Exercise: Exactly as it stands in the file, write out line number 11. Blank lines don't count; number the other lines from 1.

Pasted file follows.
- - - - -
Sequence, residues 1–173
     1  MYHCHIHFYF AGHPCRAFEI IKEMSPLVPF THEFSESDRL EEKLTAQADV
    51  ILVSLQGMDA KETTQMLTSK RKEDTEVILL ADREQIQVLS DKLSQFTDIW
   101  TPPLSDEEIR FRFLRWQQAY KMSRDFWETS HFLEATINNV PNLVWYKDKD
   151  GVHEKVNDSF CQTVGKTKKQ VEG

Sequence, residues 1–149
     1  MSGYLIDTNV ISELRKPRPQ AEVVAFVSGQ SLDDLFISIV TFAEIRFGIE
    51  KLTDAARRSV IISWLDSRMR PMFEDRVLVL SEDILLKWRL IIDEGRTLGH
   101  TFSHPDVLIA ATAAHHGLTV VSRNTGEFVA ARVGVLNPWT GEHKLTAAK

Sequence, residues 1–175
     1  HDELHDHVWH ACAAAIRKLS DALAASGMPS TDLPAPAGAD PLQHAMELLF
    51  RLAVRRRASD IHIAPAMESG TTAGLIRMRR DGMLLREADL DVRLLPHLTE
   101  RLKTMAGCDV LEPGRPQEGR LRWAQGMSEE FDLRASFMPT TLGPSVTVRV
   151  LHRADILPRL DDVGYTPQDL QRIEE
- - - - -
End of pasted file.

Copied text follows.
     1  HDELHDHVWH ACAAAIRKLS DALAASGMPS TDLPAPAGAD PLQHAMELLF